Documenting the every day

Instagram book

We all take pictures on big occasions.

Graduations, birthdays, weddings. During life’s major moments, we’re out there with our cameras — some big, some small — trying to capture it all. Regardless of whether or not you consider yourself a photographer, we all take snapshots. Pictures are our way of freezing time. If your family is anything like mine, photos from the past emerge regularly — and are a source of great comedy. And joy.

I’m biased, of course. My mom has had a camera glued to her hand since my parents welcomed me. I can’t think of an occasion without visualizing Mom with her Canon. Her pictures tell my entire life story — and our life story: the story of our family. Photos are important. We both take lots of them.

It’s not enough to document the big moments, though. As important as holidays and birthdays are, our lives are comprised of tinier moments — the everyday ones. Lunch with friends, a walk before work, our dog asleep in a warm patch of light. And with the advent of portable technology that’s always within our grasp, many of us are take pictures with our smartphones.


Though an iPhone picture isn’t quite the same as a DSLR capture, the pictures I’ve snapped with my phone are just as meaningful. My friend Guy constantly says, “The best camera is the one you have with you” — and he’s absolutely right. For as much as I love my Canon, it’s big — and heavy. I take it out when I plan To Take Pictures. That is: when I have an event or a time or a place. But I’m usually out and about sans camera, doing my thing, and the iPhone is the camera I have with me.

And that’s where Instagram comes in. As 2012 drew to a close, I knew I wanted a way to reflect back on what was both a momentous and tough year. I started a Shutterfly book in February, planning to update it with my Canon photos as the months went on, because I was tired of thinking about all the “little” pictures — the ones not tied to any set event — that were getting lost in the shuffle. I wanted a year — an entire year — in one photobook. I wanted to document the ins and outs, the highs and lows, and have everything in one.

Oh, I was so innocent.

I take a lot of pictures, friends. A lot of pictures. Like 2,000 on a single vacation, for example, and I travel as much as I can. For as much as I love Shutterfly books (and they’re not paying me to say that!), you can only include so many pictures in a book before you just . . . run out of space.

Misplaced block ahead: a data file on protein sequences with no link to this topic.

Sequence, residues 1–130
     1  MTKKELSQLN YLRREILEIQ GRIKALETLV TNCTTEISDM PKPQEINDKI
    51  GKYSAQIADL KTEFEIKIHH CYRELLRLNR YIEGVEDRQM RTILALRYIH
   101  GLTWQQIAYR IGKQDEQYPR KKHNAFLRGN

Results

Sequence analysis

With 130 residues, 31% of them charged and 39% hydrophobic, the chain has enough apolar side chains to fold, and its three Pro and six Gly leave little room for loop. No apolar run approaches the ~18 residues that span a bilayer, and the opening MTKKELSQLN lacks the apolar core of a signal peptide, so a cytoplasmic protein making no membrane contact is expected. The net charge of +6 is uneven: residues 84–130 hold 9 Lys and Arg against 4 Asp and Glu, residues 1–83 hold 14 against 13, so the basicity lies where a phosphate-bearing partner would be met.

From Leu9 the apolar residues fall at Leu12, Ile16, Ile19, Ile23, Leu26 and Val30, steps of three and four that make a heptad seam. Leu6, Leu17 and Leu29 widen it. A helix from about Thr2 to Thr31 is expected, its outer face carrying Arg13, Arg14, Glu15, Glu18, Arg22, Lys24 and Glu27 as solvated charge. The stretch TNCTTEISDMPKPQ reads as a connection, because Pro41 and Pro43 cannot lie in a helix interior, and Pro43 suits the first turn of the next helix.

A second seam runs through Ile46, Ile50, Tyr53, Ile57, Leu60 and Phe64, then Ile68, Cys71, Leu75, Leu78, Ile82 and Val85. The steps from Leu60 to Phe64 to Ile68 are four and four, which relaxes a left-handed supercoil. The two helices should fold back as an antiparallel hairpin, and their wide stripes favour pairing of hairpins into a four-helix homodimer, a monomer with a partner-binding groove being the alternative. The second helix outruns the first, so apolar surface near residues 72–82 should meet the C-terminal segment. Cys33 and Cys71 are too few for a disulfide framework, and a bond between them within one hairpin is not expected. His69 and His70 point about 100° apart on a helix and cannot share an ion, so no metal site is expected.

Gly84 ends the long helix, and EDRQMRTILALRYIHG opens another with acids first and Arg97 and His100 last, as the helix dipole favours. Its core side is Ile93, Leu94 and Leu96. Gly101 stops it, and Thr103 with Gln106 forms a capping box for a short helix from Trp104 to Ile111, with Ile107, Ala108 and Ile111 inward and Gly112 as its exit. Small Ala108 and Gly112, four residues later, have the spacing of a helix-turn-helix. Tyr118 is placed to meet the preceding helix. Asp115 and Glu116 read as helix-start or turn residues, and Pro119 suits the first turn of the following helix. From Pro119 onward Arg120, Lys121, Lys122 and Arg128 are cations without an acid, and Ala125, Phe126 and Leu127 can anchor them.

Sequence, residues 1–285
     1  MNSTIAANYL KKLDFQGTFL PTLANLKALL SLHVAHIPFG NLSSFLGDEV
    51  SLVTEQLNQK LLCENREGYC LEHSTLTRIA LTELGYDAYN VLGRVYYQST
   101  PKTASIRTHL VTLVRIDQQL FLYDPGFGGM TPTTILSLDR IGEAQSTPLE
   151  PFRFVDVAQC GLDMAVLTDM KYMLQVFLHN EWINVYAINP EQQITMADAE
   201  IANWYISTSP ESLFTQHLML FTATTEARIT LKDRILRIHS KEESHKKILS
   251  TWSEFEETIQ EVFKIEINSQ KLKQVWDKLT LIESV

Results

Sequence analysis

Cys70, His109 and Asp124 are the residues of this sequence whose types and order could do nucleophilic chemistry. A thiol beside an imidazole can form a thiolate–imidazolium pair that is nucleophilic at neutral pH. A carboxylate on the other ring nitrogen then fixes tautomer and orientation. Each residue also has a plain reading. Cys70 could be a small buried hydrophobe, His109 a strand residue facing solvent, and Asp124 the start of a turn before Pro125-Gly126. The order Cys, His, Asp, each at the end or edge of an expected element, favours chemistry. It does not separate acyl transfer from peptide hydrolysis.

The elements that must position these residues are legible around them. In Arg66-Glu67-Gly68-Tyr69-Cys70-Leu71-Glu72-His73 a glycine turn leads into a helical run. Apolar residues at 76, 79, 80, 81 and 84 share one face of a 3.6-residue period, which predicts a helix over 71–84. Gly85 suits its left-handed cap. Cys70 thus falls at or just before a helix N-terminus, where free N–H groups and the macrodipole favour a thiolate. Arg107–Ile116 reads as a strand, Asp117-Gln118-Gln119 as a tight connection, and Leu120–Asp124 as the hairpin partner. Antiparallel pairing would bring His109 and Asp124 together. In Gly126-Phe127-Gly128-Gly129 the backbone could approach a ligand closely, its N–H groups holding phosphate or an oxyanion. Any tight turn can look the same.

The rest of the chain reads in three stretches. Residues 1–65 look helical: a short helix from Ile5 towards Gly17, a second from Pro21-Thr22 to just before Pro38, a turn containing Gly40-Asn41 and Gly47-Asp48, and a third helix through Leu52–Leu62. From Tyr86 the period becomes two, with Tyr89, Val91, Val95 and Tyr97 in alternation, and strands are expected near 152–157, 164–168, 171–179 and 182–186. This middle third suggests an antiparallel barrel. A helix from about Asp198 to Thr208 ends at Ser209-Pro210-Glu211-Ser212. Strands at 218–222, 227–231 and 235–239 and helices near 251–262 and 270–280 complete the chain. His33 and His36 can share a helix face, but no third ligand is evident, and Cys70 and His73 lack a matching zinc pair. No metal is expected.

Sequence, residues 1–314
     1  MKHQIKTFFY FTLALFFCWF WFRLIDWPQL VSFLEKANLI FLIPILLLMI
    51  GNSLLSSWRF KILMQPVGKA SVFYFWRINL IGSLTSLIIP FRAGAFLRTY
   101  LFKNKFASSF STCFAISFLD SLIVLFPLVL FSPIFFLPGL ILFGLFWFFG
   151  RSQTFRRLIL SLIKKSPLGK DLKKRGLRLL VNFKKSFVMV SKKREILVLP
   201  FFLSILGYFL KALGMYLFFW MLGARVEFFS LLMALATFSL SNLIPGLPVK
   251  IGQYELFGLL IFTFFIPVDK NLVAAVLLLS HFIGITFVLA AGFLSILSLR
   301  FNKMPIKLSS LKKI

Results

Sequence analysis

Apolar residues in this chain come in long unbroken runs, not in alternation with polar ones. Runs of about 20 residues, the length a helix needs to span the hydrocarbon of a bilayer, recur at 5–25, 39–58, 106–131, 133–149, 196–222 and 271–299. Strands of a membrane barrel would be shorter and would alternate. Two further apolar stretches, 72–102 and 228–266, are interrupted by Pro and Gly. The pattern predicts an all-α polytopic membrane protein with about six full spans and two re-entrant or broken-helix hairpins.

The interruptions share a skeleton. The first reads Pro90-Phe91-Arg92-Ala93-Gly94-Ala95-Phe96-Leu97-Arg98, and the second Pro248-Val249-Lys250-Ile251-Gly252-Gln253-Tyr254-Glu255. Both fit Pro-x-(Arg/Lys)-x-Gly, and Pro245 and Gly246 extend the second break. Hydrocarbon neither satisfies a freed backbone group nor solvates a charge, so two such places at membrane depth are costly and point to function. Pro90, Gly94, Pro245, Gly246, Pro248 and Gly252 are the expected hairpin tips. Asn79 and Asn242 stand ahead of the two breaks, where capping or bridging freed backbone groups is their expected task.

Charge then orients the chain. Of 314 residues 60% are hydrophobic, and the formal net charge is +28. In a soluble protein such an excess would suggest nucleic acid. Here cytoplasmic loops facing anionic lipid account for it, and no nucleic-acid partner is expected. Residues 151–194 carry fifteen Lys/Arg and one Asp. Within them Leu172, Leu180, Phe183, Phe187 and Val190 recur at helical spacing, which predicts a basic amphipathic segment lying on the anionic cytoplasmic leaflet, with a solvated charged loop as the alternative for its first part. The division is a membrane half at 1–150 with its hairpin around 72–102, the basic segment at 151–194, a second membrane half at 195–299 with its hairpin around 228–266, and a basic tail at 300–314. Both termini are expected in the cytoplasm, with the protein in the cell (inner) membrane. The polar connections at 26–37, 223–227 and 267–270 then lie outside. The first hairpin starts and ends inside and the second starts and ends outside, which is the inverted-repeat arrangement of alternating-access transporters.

Bridalveil Fall

I figured out early on that I would just barely fit all of 2012 into one book before hitting the 111-page cut-off. My 2012 year in review book is almost finished, but I didn’t include any of the photos I’ve come to really appreciate: my Instagram snapshots.

So I made another book — and this one is just for phone pictures. Though some are grainy and the colors can be wonky and, you know, they’re not going to win me any awards, they’re my pictures. These are the photos I take on a random Tuesday, and they’re often of the things I value most.

I called the Instagram book “Day to Day” — because that’s how most of us are living, right? Taking it one thing at a time.

Or one snapshot at a time.

Heart in snow

When blurry photos can be a good thing

At some point in my adventures as a beginning photographer, I got completely obsessed with bokeh. Defined as “the aesthetic quality of the blur in out-of-focus areas of an image,” the Japanese term basically means . . . little circles of light. And when you look for them, they’re everywhere.

I manage to capture bokeh — all the time, and pretty much everywhere — by changing my lens to manual focus, then twisting until everything in my shot is blurry and out-of-focus. (This is all very scientific, I know — bear with me and my technical prowess, please.) When I see little circles everywhere, I press the shutter. What translates in the image is often what I see through the viewfinder — but occasionally not, too. And that’s what I like about it.